UTI AMC continues to push for IPO, plans to offload 26% stake
UTI sponsors PNB and BoB support listing; SBI and LIC want UTI AMC to merge with their own mutual fund business
Mumbai: UTI Asset Management Co. Ltd, the country’s fifth largest mutual fund manager, has proposed an initial public offering (IPO) plan to the government to provide an exit to its four state-run sponsors—State Bank of India (SBI), Life Insurance Corp. of India (LIC), Bank of Baroda (BoB) and Punjab National Bank (PNB).
At a meeting with the government last week, the fund house proposed an IPO to divest at least 26% of the promoter stake, which will allow a partial exit of the four sponsors in equal proportion.
Two persons directly familiar with the development confirmed this, adding that for UTI, an IPO was preferable to other options.
Another suggestion discussed at the meeting was stake sales by BoB and PNB to either LIC or SBI and a subsequent merger of UTI AMC with the entity that buys the majority stake in the company. But even BoB and PNB said they would prefer an IPO as it will allow for better price discovery, said the two persons who requested anonymity.
At present, each of the four state-run sponsors holds an 18.5% stake in the paid-up capital of UTI Asset Management, while the rest is held by T. Rowe Price International Ltd.
“UTI has proposed an IPO of at least 26% promoter stake, which could include partly primary market stake sale and partly secondary market sale. The government has to approve the proposal for enabling UTI Asset Management Co. to go public, which would eventually provide an exit to the four sponsors,” said one of the two persons cited above.
UTI Asset Management, which managed assets worth an average Rs.1.06 trillion in the December quarter, has been toying with the idea of an IPO for the past seven years in order to provide an exit to the four sponsors, which run their own asset management businesses separately.
A Securities and Exchange Board of India (Sebi) norm does not allow the sponsor of one asset management company to be associated with the sponsors or promoters of another.
“The IPO route definitely is the best option. UTI has sent its proposal in this regard. The finance ministry has to approve it,” said Leo Puri, chief executive officer, UTI Asset Management Co., in a phone interview.
According to a 25 March report by The Financial Express, during the meeting last week, PNB and BoB felt that a listing would be the best way to discover the true value so that they could divest their shares while SBI and LIC are in favour of a merger.
SBI Mutual Fund is the sixth largest asset management company, with average assets of Rs.1 trillion for the December quarter. A merger of UTI with SBI Mutual Fund will make the latter the number one player in the Rs.13.4 trillion industry.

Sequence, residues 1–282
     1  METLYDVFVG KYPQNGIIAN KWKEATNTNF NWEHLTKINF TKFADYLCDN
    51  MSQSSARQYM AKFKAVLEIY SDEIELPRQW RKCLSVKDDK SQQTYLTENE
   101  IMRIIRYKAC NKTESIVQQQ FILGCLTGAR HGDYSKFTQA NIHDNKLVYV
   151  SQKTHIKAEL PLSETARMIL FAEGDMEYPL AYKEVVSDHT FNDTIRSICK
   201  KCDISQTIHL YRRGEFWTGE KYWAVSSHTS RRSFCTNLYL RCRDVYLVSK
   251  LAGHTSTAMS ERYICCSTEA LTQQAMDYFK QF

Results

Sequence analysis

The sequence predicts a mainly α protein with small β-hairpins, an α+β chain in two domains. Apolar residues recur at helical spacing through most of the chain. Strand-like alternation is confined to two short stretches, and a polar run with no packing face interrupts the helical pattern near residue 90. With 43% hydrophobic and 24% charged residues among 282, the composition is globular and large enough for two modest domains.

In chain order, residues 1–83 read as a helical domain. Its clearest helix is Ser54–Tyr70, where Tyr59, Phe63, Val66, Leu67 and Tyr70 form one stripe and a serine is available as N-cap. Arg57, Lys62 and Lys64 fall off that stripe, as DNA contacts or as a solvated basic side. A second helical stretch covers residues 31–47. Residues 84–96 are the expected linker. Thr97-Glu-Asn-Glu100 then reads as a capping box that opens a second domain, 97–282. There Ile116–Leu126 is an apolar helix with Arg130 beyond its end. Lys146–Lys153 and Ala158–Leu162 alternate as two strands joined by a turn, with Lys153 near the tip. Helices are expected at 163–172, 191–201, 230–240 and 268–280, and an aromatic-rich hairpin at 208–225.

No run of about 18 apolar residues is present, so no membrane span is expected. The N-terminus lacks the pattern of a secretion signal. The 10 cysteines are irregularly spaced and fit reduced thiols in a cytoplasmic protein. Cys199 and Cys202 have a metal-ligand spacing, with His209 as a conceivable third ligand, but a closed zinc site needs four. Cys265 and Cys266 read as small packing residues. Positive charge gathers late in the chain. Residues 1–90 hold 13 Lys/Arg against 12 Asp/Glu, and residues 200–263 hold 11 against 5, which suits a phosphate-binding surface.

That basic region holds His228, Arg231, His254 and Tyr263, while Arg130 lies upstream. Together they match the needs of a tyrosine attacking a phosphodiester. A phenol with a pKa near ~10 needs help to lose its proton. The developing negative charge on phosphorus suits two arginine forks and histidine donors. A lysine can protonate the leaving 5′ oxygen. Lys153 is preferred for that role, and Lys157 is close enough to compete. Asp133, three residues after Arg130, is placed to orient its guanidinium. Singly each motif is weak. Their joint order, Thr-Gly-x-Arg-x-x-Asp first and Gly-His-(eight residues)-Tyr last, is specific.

On the other hand, if LIC gets UTI Asset Management, LIC Mutual Fund will become the fifth largest AMC in the country.
LIC is the only state-run life insurer and is the country’s largest institutional investor.
According to The Financial Express report, T. Rowe Price too is in favour of UTI Asset Management’s listing.
In November 2009, UTI Asset Management sold a 26% stake to Baltimore, US-based asset management company T. Rowe Price International Ltd, the wholly-owned subsidiary of T. Rowe Price Group Inc. T. Rowe Price picked up a 6.5% stake from each of the four promoters in a $140 million (around Rs.652 crore then) transaction.
According to the first person, if an IPO is approved by the government, the valuation of UTI Asset Management’s stake could be substantially higher than what it worked out to be in the T. Rowe Price deal in 2009.
Since each of the promoters also has its own asset management company, it was always clear that they would eventually exit from UTI Asset Management to comply with the Sebi norm.
UTI Mutual Fund was carved out of the former Unit Trust of India (UTI) in February 2003.
Following a parliamentary approval of The Unit Trust of India (Transfer of Undertaking & Repeal) Act, 2002, UTI was bifurcated into Specified Undertaking of Unit Trust of India (SUUTI) and UTI Asset Management.
UTI Asset Management Co. had average assets under management of Rs.92,730.23 crore across its mutual fund schemes during the April-June quarter of 2015-16.
“I fully support the idea of an IPO over the suggestion of a merger of UTI with any other fund. UTI has established itself as a huge brand, it has a large asset base, more than 10 million investors, a presence across the length and breadth of the country and a clean image,” said Prithvi Haldea, the chairman and managing director of Prime Database, a Delhi-based primary market analytics firm.
“Merging such an entity with another firm and diluting such a strong brand is not advisable. IPO is the best option, firstly because the Sebi regulations do not allow one sponsor to run two AMCs and secondly, it is critical now for the government to allow UTI to function independently and grow its business without such hassles over control and management,” Haldia said.
“Ideally, if the IPO proposal is approved, UTI should ensure that the overall shareholding of the four sponsors is brought down below 50%. Once UTI is listed, the remaining stake of the four sponsors can be diluted through OFS (offer for sale) or bringing in a new strategic partner which can assist UTI in terms of technology, distribution and management. And, considering the brand UTI, an IPO by the AMC will most likely get a strong response,” Haldea added.
Editor's Picks »
- Future Retail’s Q2 result shows improvement in same-store sales
- Private insurance firms grow at the expense of LIC stuck with a sick bank
- Page Industries’s lofty valuations get a reality check in Q2
- Q2 results: Grasim’s Vodafone Idea stake is proving costly
- How Vodafone Idea’s $3.5 bn fundraising will impact telecom in India